Calque


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Related to Calque: giardia, loan translation

loanwords and loan translations

English takes many of its words from different languages around the world. These words are broadly known as borrowings, and are subdivided into two categories: loanwords and loan translations.
A loanword is a term taken from another language and used without translation; it has a specific meaning that (typically) does not otherwise exist in a single English word. Sometimes the word’s spelling or pronunciation (or both) is slightly altered to accommodate English orthography, but, in most cases, it is preserved in its original language.
A loan translation (also known as a calque), on the other hand, is a word or phrase taken from another language but translated (either in part or in whole) to corresponding English words while still retaining the original meaning.
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Calque

 

(in linguistics), semantic borrowing by means of the literal translation of the separate parts of a word or phrase. A lexical caique is a word created by full morphological substitution, that is, by the translation of each morpheme, for example, Russian pred-met (object) from Latin ob-ject-um or Russian sushchestvitel’noe (substantive) from Latin substantivum. In phraseological caiques, whole expressions are modeled after foreign patterns, as in Russian prisutstvie dukha (composure) from French presence d’esprit or English five-year plan and French plan cinquiennel from Russian piatiletnii plan. A special type of caique is one in which a word is given a figurative meaning, modeled on a foreign word with the same literal meaning, for example, Russian vkus (taste) from French gout or Russian cherta (feature), from French trait. When the inappropriate meaning of a homonymous foreign word is used, an erroneous caique is formed, as in Russian byt’ne v svoei tarelke (“to be out of sorts”; literally, “not in one’s plate”) from the French il n’est pas dans son assiette (assiette, “plate,” “position”). The caiqueis a very common linguistic phenomenon and is primarily literary in origin.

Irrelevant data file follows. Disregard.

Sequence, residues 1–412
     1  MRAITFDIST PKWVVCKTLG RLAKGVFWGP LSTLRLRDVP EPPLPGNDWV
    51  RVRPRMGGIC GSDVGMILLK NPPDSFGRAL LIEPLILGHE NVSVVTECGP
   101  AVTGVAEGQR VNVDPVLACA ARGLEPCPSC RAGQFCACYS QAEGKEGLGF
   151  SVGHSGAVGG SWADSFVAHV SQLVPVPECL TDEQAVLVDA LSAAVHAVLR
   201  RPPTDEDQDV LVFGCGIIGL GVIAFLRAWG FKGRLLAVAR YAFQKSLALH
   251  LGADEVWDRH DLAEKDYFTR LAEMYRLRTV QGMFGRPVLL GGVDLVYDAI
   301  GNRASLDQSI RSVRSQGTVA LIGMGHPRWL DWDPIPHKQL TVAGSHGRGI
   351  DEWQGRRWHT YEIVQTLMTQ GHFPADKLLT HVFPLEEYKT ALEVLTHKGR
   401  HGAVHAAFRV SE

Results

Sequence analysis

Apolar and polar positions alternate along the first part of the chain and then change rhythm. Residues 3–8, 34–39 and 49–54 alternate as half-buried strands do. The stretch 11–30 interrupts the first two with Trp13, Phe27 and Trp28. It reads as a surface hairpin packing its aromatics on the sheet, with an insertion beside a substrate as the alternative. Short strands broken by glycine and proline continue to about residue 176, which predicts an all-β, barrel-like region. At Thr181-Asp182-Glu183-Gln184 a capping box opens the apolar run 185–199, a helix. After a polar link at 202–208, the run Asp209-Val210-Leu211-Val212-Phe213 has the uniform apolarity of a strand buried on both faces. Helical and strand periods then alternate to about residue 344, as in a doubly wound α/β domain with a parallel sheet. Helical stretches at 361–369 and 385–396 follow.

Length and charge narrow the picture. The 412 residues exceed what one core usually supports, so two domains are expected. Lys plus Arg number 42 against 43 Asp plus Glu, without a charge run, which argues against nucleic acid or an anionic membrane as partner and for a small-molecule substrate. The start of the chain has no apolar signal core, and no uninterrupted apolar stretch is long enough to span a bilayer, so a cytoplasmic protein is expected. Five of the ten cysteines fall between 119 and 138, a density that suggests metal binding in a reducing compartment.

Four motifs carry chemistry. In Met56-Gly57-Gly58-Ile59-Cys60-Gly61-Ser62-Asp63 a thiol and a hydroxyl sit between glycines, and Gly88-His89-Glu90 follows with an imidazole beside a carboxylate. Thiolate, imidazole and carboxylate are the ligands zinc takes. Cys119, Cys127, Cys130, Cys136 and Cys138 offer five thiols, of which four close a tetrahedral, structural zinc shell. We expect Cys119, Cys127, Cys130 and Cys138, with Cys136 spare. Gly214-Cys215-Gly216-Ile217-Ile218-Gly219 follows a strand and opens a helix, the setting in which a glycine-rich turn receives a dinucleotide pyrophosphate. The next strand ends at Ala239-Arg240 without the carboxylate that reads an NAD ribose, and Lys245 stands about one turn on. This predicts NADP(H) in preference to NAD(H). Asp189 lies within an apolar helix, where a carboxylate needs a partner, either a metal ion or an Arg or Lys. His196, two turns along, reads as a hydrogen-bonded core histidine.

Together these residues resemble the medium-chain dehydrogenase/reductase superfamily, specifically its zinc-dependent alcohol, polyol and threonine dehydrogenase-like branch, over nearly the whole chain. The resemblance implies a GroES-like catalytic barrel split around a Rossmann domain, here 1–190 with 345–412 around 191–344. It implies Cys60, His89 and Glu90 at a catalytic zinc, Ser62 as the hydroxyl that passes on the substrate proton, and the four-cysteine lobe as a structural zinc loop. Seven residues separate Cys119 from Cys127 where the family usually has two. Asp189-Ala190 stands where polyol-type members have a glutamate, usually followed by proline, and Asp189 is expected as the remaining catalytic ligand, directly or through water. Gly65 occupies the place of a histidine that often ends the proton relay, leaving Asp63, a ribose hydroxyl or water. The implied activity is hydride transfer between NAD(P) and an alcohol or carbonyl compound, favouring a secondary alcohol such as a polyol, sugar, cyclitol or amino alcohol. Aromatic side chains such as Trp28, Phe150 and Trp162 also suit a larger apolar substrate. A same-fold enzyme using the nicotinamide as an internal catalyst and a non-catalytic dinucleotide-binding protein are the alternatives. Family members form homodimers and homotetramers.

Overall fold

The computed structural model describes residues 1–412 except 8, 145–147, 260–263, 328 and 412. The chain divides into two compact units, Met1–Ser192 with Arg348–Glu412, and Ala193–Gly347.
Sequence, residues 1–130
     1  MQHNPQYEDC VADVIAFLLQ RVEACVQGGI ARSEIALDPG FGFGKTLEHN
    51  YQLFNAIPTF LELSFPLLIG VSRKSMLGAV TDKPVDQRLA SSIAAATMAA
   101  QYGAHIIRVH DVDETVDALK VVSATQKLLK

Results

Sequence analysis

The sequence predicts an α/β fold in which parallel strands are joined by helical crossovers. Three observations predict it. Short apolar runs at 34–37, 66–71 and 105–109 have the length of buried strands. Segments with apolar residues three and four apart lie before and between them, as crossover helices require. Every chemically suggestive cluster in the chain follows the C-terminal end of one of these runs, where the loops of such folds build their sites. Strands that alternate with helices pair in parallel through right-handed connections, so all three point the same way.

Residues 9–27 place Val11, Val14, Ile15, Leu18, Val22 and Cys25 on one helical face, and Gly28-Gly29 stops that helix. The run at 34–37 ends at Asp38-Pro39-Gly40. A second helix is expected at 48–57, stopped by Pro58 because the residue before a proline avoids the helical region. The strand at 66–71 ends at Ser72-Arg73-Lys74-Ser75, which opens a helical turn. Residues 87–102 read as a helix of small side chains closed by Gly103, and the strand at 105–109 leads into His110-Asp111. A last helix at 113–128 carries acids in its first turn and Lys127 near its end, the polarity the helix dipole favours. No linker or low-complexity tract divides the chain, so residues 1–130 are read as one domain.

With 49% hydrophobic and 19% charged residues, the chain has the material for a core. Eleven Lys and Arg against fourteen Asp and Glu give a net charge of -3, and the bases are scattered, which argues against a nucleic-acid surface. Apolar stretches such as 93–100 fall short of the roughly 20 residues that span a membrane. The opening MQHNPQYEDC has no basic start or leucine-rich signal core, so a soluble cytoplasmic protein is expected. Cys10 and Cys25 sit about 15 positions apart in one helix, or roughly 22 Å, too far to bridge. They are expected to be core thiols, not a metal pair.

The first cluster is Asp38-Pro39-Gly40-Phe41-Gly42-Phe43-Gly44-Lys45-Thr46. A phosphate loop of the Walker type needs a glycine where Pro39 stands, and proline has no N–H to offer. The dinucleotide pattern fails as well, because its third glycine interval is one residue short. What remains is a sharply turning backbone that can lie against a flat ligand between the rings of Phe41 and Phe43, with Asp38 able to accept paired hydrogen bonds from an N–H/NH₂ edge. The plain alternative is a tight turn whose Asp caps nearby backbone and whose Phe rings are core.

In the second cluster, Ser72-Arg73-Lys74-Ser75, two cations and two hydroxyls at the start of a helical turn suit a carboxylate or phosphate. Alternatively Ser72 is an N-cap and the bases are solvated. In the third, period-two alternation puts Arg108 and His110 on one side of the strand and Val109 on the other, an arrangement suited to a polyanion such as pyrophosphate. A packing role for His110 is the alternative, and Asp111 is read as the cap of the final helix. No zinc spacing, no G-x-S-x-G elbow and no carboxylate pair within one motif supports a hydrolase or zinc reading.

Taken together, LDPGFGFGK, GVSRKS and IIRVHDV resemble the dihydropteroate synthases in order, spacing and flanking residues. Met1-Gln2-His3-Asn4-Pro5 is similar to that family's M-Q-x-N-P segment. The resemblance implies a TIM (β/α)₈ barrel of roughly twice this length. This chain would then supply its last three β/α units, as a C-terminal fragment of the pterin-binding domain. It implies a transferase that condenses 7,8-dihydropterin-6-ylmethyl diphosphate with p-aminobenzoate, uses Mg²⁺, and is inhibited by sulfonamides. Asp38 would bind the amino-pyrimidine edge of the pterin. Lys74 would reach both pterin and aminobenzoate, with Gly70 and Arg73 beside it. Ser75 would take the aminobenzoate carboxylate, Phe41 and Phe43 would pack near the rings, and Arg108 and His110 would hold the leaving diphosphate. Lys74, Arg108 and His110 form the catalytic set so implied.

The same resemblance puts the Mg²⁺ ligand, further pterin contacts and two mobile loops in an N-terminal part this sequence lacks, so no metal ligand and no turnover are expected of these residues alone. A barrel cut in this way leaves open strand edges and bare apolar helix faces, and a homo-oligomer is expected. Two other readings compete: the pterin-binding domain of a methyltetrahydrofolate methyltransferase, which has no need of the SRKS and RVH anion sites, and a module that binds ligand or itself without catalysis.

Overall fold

V. V. RASKIN

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beseeching her mercy and grace because she is my sovereign lady." In the Canon's Yeoman's Tale, the Yeoman also uses a phrasal calque, perhaps hoping that the rhetorical effect will attract and hold his new audience.
While Tolkien does spend significant efforts guiding the reader to this important revelation via his signaling calques, this calquing does not end with the guards' judgments of the fellowship, making it unlikely that its main purpose is the privileging of discretion over orders.
It is thus a partial calque of Russian [TEXT NOT REPRODUCIBLE IN ASCII].
Many Slavic compounds are clearly loan translations or calques. (21) Some have been mentioned before.
Leading periodicals and dailies, such as La Lucha, La Discusion or Diario de la Marina, turned into a predictable showroom of loanwords and calques, through which a significant number of these lexical units were assimilated by Cuban Spanish.
In turn, Turco's historical placement teaches us something about Tolkien's' world and its place in myth and history, Tolkien's legendarium--after the Ainulindale and the Akallabeth, which (as Tom Shippey would put it) calque the Creation and the Flood in the Bible respectively--is located in the implied long stretch of pre-Abrahamic history about which the Bible lets us speculate.
Keywords: Anglicisms, calque, loan, neologisms, vocabulary.
the movie title [Engl.] Somewhere in time = [Rom.] Undeva, cindva [Somewhere, sometime.] (For details on the seven main translation strategies of borrowing, calque, literalism, transposition, modulation, equivalence and adaptation see Hatim & Munday 2004: 149-151)
It is also important to distinguish between calque and loan word.
17): dans la traduction un calque du signifie, qui resulte neutre sur le plan du style, est employe.
On the eve of the wedding the Houchins entertained the wedding party, family, and friends with cocktails and dinner at the Calque County Arts Center.
(6) This is 'calque' in the French text, a term that we translate as tracing, following Massumi's translation of Deleuze (Deleuze and Guattari, 2004, page 13).